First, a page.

Book Review: Voices Within

Posted on February 11, 2007


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An impressive coffee-table book on Carnatic musicians may leave you quibbling about some of the text – but oh, the photographs!

FEB 11, 2007 – SLENDER FINGERS CARESSING THE BODY of a hollow piece of wood, lips pursed at its one extreme, eyes focused on an infinite beyond, the forearm and the instrument and the upper torso constituting the familiar triangle – the picture could be that of any flautist. Then you see how the photograph is lit, consigning its subject to a netherworld of light and shadow, as if to reflect an all-too-familiar struggle between genius and eccentricity – and you know at once this isn’t any flautist. It’s “Fluteâ€? Mali. Even the angle is off-kilter, giving the impression that the player exists in a dimension that’s just this little bit counterclockwise to our own – and God knows Mali didn’t walk with the rest of us. This is one of those pictures that doesn’t just speak a thousand words; it conjures up the person, his career, his life. Is it any wonder, then, that the accompanying text feels almost redundant?

It’s photographs like this one that make a must-read – or at least a must-see – out of the beautifully-produced Voices Within (Carnatic Music: Passing on an Inheritance), the first coffee-table book (filter coffee-table book, perhaps?) on the classical music of the South, written by Bombay Jayashri and TM Krishna, with Mythili Chandrasekar. Your first instinct may be to run your hands over the velvety black of the cover, and as you flip it over, the back cover is dotted with attributes that elevate a person beyond the level of a mere mortal: To listen to the urge of the inner voice, to recognise the gift within, to go where dreams beckon, to see what others don’t, to dare to change the context, to try to stand for something, this is to have realised The Self. These phrases add up to seven – perhaps a pointer that this number is a theme, for inside lies a tribute to seven wonders of the art form, seven pioneering Carnatic musicians: the singers Ariyakudi Ramanuja Iyengar, Semmangudi Srinivasa Iyer, GN Balasubramaniam and MS Subbulakshmi, the nagaswaram vidwan TN Rajarathnam Pillai, the mridangam maestro Palghat Mani Iyer, and, of course, TR “Maliâ€? Mahalingam.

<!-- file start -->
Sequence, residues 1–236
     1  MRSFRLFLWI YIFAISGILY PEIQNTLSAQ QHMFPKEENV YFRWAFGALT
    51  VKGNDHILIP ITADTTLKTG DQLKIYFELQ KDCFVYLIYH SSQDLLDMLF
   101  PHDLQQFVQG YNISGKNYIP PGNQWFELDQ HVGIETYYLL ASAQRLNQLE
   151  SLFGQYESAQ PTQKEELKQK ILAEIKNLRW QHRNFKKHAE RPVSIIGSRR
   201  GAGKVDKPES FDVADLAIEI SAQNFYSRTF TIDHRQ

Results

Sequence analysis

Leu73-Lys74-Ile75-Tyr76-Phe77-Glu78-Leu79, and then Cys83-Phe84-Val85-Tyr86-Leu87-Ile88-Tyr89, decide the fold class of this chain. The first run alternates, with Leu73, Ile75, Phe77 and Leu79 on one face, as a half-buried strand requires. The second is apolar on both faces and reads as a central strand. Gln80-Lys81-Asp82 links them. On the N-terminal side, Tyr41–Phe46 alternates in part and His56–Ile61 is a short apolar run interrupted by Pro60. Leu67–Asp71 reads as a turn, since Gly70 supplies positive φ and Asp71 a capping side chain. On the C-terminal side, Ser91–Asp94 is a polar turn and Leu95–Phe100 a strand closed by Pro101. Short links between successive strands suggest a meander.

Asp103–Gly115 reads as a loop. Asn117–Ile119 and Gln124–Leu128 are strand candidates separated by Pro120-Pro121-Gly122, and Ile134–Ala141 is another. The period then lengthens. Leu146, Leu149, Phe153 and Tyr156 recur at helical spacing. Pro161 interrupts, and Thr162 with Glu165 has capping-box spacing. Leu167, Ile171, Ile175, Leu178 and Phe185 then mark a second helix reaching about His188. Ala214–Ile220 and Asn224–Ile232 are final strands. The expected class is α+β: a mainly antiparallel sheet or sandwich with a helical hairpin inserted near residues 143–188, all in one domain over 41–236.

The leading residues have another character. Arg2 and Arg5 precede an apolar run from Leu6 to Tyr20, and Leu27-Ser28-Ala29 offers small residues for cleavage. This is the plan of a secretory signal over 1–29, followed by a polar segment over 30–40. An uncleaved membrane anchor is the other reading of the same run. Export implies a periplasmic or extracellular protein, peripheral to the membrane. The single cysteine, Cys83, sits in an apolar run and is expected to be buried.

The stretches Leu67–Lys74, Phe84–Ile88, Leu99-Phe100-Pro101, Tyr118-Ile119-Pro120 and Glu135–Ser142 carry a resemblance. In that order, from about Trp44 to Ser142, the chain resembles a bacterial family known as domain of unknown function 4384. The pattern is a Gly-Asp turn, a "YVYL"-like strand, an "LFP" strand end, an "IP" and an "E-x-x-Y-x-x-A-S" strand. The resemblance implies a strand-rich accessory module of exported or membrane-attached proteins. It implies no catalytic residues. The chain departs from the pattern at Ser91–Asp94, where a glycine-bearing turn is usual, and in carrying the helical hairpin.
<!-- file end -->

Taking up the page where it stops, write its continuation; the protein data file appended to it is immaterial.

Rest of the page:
Such listing exercises are always interesting, for they always stir up a debate along the lines of, “But why not…â€? But why not… DK Pattammal? But why not… Maharajapuram Viswanatha Iyer? But why not… someone representing another instrument, say, Chowdiah? And this is good because anything that gets people talking about art is good. The authors’ reasons for sticking with this specific septet are their own – and that’s justification enough. Each musician is discussed in a chapter that breathlessly skims through biographical information and anecdotal quips and highlights of what made the music unique. Perhaps aware of the “what can be said of these geniuses that has not already been said beforeâ€? trap, the authors prepare us: “Voices Within is to be read not for information but for perspectives.â€? And this is just as it should be, for if we wanted mere information about, say, Ariyakudi Ramanuja Iyengar, we’d pick up the biography by LRV (simply titled Ariyakudi). And it’s the perspectives of these greats – especially through the eyes of two contemporary singers – that would make this exercise worthwhile.

And there are perspectives – in asides labelled “From the heartâ€?, which are quotes from the authors describing the emotional effect these artists have had on them. A particularly evocative instance of this is a description of Palghat Mani Iyer’s playing, “… like a lion on the prowl. It’s almost like he is eating into everybody else’s musical presence.â€? The metaphor is startling – yet strangely right. Only a musician, perhaps, could have made us think about the predatory manner in which the sounds of percussion loom over the other sounds in a concert – but which musician is saying this? TM Krishna? Bombay Jayashri? None of these confessions are attributed to one or the other, leaving you curious about whose heart these from-the-heart revelations are really from. And I know I’m getting greedy here, but I also wish there had been a top-ten for each of the seven artists, compiled by the authors. It would have been a subjective list, of course, but it could have set readers off on their own voyages of exploration into this music.